So, the question stands, is it worth seeing this as a Fathom Events feature? For me, yes as seeing it in a theater is a special event and well worth the price, but for others possibly not due to the fact that the special features can be easily watched in their full-length documentary form and a technical issue resulted in them not being easy to see in my showing. The film did have perks of us not having to sit through endless previews or anything so that was a plus. So it really comes down to how much you want the theater experience.

Overall, I was over the moon seeing Hayao Miyazaki’s My Neighbor Totoro in the theater. It’s an amazing film, and should be seen by any anime fan. Words cannot describe how happy this showing made me, and how happy I was to see my son so excited. As I said, it’s basically a perfect children’s film, and basically outclasses any big budget kid’s film today for many reasons. I can’t wait to continue watching these releases every month, and am so glad they are available at my local theaters! If you are reading this before 3-29-23, there is still ONE DAY to attend a screening, so do yourself a favor and check it out.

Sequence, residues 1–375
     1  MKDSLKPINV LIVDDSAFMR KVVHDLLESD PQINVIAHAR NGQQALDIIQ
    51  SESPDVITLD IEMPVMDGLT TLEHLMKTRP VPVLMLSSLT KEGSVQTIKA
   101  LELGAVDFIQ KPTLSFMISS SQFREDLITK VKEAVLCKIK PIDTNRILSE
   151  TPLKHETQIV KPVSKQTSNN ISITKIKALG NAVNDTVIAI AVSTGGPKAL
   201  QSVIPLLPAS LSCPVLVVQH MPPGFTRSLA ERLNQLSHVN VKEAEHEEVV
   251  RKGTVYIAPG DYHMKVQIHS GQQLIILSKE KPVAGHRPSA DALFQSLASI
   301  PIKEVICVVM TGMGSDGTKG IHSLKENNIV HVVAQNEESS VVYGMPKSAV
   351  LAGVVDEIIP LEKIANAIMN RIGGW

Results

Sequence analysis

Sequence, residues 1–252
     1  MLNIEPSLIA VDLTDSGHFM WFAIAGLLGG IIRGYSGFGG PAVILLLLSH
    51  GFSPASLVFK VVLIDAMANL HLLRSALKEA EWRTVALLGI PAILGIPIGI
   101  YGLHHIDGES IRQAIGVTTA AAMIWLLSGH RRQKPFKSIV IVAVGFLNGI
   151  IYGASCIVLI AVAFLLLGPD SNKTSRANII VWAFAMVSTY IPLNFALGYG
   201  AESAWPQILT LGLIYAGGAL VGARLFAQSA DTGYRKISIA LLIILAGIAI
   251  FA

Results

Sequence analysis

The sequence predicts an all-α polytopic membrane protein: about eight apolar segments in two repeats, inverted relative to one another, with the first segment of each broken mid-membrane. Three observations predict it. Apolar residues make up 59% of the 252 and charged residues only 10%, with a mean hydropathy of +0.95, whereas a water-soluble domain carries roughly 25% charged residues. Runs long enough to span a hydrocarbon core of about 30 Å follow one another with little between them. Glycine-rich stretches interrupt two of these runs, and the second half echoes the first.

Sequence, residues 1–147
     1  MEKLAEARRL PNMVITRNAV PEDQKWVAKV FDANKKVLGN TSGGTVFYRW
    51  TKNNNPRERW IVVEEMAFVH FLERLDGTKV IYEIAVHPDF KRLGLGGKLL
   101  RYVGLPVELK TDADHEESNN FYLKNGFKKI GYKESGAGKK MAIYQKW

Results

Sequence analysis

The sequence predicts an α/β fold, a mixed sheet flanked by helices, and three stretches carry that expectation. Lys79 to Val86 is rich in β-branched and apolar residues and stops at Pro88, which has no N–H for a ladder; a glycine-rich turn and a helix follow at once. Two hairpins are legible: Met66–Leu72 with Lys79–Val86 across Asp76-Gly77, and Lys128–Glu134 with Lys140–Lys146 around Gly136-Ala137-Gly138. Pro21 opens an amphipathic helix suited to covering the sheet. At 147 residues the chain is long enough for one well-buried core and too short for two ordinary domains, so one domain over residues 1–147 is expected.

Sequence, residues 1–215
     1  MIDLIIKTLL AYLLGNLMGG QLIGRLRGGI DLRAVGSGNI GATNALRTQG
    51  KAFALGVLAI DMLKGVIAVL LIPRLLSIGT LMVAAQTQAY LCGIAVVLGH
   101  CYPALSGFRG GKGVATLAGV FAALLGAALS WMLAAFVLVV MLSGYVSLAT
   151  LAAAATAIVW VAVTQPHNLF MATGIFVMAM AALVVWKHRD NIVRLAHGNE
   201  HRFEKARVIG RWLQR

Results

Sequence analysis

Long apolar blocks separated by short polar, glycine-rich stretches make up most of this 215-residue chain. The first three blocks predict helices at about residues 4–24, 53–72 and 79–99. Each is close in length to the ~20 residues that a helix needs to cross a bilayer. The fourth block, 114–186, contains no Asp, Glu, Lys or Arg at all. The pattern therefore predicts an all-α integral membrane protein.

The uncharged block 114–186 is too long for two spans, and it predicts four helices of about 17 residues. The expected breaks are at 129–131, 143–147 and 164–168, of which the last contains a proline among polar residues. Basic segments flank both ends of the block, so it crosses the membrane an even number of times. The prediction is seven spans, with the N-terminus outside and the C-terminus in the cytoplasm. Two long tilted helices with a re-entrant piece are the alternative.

Up next is Spirited Away: Live on Stage

“Hayao Miyazaki’s Academy Award-winning animated feature film comes to life in this first-ever stage adaptation, full of dazzling sets, captivating musical numbers, and wondrous puppets of beloved characters. Filmed during its acclaimed 2022 run at Tokyo’s historic Imperial Theatre, adapted and directed by Tony Award-winner John Caird (Les Misérables), features Kanna Hashimoto as Chihiro on April 23 and Mone Kamishiraishi as Chihiro April 27, and is screened for the first time in America as part of Studio Ghibli Fest 2023.”